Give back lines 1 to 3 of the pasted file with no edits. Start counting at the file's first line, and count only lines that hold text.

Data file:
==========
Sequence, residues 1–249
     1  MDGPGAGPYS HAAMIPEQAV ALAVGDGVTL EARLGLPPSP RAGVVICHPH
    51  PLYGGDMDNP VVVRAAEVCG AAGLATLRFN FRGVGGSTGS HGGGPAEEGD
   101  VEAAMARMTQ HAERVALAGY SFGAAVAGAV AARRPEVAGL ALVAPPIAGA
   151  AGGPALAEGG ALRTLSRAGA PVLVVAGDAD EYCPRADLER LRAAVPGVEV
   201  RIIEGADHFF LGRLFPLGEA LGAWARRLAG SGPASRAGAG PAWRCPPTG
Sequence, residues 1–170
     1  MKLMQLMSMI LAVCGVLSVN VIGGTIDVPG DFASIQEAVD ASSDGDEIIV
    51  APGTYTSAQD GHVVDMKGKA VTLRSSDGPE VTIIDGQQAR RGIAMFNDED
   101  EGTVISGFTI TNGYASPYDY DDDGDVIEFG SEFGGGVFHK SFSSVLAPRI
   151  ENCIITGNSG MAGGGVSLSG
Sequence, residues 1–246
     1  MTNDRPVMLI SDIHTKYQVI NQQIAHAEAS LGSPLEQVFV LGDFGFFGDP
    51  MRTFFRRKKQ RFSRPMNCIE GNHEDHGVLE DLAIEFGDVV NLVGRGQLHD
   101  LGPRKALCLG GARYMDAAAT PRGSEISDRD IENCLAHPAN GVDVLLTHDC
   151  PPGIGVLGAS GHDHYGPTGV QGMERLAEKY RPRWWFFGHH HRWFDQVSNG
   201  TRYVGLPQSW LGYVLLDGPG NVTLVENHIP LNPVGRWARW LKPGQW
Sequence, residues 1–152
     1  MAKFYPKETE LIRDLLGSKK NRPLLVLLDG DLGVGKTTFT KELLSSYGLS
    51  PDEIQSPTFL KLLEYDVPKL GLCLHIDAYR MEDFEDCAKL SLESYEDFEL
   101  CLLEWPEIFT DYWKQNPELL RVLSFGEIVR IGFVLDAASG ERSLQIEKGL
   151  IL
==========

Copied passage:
Sequence, residues 1–249
     1  MDGPGAGPYS HAAMIPEQAV ALAVGDGVTL EARLGLPPSP RAGVVICHPH
    51  PLYGGDMDNP VVVRAAEVCG AAGLATLRFN FRGVGGSTGS HGGGPAEEGD